In The Other Wes Moore, author Wes Moore narrates his memoir of two little boys who become very different men. Both African American, fatherless, exposed to crime at an early age, Wes Moore, the author, and Wes Moore, the other, share both a name and a history, but live very different lives today. This book is an examination of why, as well as a call to action.
Moore narrates his book and his voice is solid and rich tones deepened by the streets, and consonants and vowels shaped and buffed by a good education. Proud, but never boastful, Moore tells his story of education, military service, and leadership. And, in a somber and respectful voice, he tells a parallel story: one of crime, broken families, and incarceration the life of the other Wes Moore.
The memoir is part self-examination and part anthropological and sociological study of inner-city America. Throughout, Moore searches for the answer to the question: “What made the difference?” Why did he become a White House fellow and serve his country in Afghanistan while the other Wes Moore was charged with killing a police officer and now serves a life sentence?
The author offers no pat answers, no quaint life lessons just hard truths. He is neither sympathetic nor judgmental he makes no excuses for the tragic loss of Sergeant Bruce Prothero, the police officer the other Wes Moore was eventually convicted of killing. He also shows us the other side of his doppelganger poignantly describing the other Moore’s careful work during shop class at trade school on a playhouse for his daughter.
Wes Moore speaks from the perspective of someone who has known fear and disillusionment, but also with a voice that has said, “Yes, sir,” and “Will you marry me?” and “Thank you.” This is the voice that calls the listener to want to make a difference in the lives of young people in this country. Sarah Evans Hogeboom
Two kids with the same name lived in the same decaying city. One went on to be a Rhodes Scholar, decorated combat veteran, White House Fellow, and business leader. The other is serving a life sentence in prison. Here is the story of two boys and the journey of a generation.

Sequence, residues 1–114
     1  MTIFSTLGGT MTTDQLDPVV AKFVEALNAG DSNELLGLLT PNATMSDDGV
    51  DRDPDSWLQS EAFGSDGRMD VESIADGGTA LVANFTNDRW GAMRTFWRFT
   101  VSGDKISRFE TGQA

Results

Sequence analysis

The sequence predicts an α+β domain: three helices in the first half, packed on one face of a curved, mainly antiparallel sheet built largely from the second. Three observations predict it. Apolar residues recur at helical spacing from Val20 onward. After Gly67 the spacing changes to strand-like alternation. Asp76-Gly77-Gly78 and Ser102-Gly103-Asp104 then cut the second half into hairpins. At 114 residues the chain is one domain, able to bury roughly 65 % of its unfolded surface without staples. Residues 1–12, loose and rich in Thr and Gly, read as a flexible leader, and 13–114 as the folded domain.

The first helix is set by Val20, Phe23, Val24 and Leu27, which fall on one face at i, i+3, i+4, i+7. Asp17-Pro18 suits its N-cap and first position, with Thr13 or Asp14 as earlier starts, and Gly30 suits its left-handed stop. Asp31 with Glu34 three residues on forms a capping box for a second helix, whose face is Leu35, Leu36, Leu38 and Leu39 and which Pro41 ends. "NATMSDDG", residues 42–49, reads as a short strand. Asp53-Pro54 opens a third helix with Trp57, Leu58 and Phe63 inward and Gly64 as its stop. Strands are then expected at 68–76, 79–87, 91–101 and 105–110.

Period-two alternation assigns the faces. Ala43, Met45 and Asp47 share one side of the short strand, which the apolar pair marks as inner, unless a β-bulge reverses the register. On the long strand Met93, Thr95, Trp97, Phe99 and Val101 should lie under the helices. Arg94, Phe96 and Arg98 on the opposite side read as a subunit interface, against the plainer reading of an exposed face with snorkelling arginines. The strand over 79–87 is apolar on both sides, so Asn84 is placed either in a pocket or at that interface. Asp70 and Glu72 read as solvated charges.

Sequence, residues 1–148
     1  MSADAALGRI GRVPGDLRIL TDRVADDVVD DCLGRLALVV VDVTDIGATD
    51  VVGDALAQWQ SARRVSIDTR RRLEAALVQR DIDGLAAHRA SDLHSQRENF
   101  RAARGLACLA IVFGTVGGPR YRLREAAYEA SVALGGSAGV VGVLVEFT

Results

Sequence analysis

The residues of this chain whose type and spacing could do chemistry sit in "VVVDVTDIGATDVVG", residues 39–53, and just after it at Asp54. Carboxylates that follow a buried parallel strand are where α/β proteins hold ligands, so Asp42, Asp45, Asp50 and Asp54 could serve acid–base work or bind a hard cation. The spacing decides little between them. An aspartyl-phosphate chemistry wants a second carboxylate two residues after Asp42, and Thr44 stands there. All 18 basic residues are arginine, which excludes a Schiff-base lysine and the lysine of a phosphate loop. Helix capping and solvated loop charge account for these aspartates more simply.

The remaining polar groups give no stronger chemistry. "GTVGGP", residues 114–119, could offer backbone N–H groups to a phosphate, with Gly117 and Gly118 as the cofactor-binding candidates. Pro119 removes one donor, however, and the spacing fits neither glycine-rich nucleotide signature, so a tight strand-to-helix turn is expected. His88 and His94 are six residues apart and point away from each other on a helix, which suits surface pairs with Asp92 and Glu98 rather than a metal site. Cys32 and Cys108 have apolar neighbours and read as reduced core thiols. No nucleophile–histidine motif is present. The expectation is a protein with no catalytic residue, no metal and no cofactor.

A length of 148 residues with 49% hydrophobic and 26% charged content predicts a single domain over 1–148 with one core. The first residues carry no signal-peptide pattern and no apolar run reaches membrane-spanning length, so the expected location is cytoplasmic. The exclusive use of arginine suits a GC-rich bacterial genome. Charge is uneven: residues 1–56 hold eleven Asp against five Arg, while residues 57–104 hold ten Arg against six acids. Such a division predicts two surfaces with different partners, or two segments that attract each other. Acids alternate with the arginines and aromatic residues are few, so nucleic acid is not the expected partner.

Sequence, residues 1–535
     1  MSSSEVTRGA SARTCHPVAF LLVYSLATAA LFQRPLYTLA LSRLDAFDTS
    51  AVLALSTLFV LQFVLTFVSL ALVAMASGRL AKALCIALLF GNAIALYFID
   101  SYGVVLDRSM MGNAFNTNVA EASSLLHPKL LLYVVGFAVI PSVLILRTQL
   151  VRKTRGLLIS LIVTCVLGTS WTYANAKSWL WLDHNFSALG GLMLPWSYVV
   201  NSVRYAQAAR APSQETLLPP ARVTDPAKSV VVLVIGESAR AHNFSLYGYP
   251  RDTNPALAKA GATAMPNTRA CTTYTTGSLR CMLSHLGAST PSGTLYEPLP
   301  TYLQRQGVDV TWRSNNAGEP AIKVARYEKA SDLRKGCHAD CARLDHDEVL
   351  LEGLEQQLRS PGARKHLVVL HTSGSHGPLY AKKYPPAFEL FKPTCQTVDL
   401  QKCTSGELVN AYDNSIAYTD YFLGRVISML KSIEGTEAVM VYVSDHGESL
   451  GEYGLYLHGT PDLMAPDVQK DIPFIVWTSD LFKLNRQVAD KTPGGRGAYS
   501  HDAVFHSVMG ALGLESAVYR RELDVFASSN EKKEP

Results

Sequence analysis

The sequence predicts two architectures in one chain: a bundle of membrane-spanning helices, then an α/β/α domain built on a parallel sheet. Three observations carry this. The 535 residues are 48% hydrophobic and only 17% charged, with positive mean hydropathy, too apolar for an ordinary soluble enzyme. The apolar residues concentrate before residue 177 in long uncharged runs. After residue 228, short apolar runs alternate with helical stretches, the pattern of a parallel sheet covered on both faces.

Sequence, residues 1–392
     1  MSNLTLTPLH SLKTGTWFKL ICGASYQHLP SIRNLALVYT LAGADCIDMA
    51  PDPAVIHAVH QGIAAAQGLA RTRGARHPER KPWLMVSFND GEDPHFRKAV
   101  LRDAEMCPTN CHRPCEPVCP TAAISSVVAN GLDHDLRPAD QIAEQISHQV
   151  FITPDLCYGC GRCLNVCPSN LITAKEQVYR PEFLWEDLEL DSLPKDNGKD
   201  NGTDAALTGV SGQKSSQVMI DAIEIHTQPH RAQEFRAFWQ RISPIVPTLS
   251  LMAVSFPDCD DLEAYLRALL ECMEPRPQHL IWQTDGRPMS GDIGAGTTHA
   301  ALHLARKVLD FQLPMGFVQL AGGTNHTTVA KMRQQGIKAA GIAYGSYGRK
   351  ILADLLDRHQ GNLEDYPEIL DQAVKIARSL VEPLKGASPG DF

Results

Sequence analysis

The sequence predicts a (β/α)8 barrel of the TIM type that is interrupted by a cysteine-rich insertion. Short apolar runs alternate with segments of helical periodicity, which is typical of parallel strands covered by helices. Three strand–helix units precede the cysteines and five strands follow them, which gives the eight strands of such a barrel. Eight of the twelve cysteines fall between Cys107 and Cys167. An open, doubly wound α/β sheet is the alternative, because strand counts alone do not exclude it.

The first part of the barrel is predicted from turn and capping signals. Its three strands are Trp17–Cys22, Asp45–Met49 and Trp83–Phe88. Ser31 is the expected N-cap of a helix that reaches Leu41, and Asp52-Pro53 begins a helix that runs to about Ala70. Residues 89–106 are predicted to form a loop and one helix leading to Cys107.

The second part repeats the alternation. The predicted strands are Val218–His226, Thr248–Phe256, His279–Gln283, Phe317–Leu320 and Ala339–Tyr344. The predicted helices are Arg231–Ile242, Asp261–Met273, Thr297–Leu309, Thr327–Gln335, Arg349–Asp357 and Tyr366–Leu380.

In December 2000, the Baltimore Sun ran a small piece about Wes Moore, a local student who had just received a Rhodes Scholarship. The same paper also ran a series of articles about four young men who had allegedly killed a police officer in a spectacularly botched armed robbery. The police were still hunting for two of the suspects who had gone on the lam, a pair of brothers. One was named Wes Moore.
Wes just couldn't shake off the unsettling coincidence, or the inkling that the two shared much more than space in the same newspaper. After following the story of the robbery, the manhunt, and the trial to its conclusion, he wrote a letter to the other Wes, now a convicted murderer serving a life sentence without the possibility of parole. His letter tentatively asked the questions that had been haunting him: Who are you? How did this happen?
That letter led to a correspondence and relationship that has lasted for several years. Over dozens of letters and prison visits, Wes discovered that the other Wes had had a life not unlike his own: Both had grown up in similar neighborhoods and had had difficult childhoods, both were fatherless; they'd hung out on similar corners with similar crews, and both had run into trouble with the police. At each stage of their young lives, they had come across similar moments of decision, yet their choices would lead them to astonishingly different destinies.
Told in alternating dramatic narratives that take readers from heart-wrenching losses to moments of surprising redemption, The Other Wes Moore tells the story of a generation of boys trying to find their way in a hostile world.
©2010 Wes Moore (P)2010 Random House
"Moore writes with subtlety and insight about the plight of ghetto youth, viewing it from inside and out; he probes beneath the pathologies to reveal the pressures—poverty, a lack of prospects, the need to respond to violence with greater violence—that propelled the other Wes to his doom. The result is a moving exploration of roads not taken." (Publishers Weekly)
If you enjoy reading biographies of contemporary people, you might also enjoy The Boy Who Harnessed the Wind, by William Kamkwamba, or Steve Jobs: The Man Who Thought Different, by Karen Blumenthal, or Aung San Suu Kyi, by Sherry O'Keefe.
The author Wes Moore had a challenging childhood. His father died when he was very young, his mom had to work multiple jobs to support their family after his death, and they had to live in neighborhoods plagued with drugs and gangs.